Tommy (Brandon Simmons) leads the band as the crowd cheers
(photo by T. Charles Erickson)
A musical about a band has to have a great band, and do they! Music director Andrew Cooke is the first person onstage, taking his place in a mini-pit at the front of the stage, only his shoulders and head visible as he leads the cast and backstage band performing this beautiful, rousing, clever, lovely score with too many great songs to mention. And when the River City band marches on stage at the climax of the play, it's truly thrilling, and so moving as these loving parents think the warbled sounds of these unrehearsed children is as sweet as a symphony. That's love.

Grant Wood's Young Corn
The inspiration for Todd Rosenthal's set design is, appropriately, Iowa artist Grant Wood. Yes, there is an American Gothic moment, but the larger inspiration is the painting Young Corn. Not only are the backdrop and scrim painted in the style of Young Corn, but the buildings are as well. Director John Miller-Stephany said in a post-show discussion that this emphasizes the importance of the rural farming community in this small Iowa town. In addition to the massive buildings (some of which might look familiar to those who saw My Fair Lady last summer), there is large square in the stage floor that lowers to the bowels of the Guthrie* to change the set pieces from the train, to the town square statue, to the Paroo living room, to the gymnasium, to the hotel, to the library, and finally to the footbridge. Mathew J. LeFebvre's costumes are a feast for the eyes, from flouncy dresses to well-tailored suits to brightly colored band uniforms.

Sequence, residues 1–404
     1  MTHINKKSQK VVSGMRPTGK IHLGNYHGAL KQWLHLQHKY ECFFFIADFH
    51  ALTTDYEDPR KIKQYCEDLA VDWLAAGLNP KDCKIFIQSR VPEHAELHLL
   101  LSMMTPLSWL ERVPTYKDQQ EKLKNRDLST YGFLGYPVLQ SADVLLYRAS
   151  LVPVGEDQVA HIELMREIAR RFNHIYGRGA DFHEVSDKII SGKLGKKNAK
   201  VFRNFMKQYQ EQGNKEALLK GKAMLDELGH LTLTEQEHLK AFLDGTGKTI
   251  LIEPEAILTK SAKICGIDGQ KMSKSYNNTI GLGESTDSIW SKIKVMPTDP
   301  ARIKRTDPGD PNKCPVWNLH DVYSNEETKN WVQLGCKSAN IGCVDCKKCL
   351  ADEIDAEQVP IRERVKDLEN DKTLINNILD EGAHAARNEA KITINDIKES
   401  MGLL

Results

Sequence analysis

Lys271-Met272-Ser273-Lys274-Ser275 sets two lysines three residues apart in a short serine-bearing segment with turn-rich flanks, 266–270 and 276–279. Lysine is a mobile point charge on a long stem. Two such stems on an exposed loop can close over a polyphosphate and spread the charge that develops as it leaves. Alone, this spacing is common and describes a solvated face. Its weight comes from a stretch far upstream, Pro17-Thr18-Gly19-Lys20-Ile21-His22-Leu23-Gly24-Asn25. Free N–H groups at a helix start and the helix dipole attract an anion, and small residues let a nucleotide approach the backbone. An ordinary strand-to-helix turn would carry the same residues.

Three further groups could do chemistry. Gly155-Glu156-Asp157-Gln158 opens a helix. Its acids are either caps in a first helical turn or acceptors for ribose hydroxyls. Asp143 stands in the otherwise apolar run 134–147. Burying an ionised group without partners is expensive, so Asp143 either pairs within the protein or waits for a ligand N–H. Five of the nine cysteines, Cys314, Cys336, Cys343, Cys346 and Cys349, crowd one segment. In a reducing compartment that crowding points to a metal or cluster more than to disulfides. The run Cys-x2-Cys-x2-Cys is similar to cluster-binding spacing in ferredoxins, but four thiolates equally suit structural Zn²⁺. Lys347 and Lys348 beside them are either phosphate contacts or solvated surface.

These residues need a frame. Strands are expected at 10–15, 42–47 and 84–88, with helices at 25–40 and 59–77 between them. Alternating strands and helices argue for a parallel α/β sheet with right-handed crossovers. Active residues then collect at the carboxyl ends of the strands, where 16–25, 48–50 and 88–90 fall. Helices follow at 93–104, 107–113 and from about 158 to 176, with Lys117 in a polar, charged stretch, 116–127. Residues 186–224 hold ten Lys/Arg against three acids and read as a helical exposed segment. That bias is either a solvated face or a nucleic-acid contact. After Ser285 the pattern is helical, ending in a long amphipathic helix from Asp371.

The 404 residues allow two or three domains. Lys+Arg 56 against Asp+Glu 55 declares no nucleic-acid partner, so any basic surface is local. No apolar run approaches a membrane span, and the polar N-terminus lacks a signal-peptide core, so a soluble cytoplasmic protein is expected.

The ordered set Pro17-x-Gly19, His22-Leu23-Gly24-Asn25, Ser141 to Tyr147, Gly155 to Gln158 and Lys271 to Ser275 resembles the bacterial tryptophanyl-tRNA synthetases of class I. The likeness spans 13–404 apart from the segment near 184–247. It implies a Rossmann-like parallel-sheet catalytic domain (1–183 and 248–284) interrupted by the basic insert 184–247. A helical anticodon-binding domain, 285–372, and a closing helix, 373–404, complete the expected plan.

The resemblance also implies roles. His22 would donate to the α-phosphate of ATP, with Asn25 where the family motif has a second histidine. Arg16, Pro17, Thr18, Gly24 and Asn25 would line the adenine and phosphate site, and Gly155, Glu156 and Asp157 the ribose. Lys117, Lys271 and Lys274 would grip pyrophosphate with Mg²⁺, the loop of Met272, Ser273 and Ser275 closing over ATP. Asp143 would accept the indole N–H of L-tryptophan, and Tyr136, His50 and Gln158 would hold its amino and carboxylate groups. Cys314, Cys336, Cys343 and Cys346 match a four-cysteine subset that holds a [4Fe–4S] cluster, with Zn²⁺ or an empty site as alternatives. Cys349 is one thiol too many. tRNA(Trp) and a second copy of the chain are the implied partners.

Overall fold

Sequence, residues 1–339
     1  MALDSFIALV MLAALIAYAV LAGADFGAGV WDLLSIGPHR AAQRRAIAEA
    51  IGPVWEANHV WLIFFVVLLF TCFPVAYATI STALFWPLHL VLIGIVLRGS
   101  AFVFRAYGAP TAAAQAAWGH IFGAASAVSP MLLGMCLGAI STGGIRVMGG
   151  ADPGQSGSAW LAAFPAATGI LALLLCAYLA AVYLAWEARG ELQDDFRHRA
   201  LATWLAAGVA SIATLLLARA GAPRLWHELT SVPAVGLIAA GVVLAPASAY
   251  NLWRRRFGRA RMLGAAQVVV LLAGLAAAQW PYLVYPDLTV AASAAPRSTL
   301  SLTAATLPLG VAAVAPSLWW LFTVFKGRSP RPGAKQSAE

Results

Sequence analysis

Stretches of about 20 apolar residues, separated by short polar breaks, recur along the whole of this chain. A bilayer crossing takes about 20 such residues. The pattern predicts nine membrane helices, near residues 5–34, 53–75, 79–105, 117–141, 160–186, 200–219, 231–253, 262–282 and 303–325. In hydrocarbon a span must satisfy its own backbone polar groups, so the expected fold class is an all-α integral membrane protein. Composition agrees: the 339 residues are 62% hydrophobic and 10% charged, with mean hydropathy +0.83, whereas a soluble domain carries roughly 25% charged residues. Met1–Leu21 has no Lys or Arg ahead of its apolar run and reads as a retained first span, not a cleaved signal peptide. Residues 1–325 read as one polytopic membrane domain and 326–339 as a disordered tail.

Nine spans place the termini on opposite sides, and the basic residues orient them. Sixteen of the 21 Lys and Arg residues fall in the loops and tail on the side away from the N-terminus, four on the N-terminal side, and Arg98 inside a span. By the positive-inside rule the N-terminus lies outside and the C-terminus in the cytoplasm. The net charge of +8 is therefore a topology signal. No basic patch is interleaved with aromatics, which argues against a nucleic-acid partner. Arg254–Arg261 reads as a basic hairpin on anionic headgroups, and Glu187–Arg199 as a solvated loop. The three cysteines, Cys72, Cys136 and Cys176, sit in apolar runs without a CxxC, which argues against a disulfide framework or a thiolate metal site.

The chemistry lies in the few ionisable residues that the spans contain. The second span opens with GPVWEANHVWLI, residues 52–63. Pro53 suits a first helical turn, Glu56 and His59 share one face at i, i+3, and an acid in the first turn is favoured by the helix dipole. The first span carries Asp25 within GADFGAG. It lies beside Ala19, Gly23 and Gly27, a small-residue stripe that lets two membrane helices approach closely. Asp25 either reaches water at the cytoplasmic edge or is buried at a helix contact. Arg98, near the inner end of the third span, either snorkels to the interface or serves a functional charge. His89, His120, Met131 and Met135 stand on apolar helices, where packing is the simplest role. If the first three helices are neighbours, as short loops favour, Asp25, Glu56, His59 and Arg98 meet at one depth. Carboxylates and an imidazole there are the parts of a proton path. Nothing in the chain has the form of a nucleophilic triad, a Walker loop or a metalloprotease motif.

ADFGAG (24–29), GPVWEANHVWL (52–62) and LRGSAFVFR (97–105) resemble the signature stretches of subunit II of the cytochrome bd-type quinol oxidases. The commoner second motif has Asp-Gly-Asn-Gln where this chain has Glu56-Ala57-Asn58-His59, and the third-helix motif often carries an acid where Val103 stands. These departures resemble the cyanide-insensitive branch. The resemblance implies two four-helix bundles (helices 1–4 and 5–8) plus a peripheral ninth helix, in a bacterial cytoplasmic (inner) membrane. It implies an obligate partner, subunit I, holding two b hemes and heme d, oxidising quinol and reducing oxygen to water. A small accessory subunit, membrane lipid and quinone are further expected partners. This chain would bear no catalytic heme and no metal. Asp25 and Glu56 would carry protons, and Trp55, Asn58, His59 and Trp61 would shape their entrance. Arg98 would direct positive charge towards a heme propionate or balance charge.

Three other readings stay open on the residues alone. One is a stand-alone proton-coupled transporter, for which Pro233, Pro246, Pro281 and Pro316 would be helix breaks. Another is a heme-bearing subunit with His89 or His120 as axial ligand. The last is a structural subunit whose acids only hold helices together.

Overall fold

It's obvious that Meredith Wilson wrote The Music Man as a loving homage to his home city of Mason City, Iowa, using people and places he knew as inspiration for the piece. And the Guthrie's production continues in that spirit. As much as we Minnesotans like to make fun of Iowa, we're really not that different, and the values of home, community, pride, and family ring true. If you're a person who loves musicals, you won't want to miss this Music Man that will remind you of why you love musicals. That is, familiar and beloved songs, a huge and hugely talented cast of familiar faces and new, fantastic set and costumes that bring you right into that world, humor, and most important, a meaningful and poignant story told with much heart. The Music Man continues through August 23, but get your tickets soon before they sell out.

*The Guthrie offers backstage tours, in which you can visit the bowels of the Guthrie and see how the stage mechanics work, as well as tour the rehearsal spaces and costume and set shops.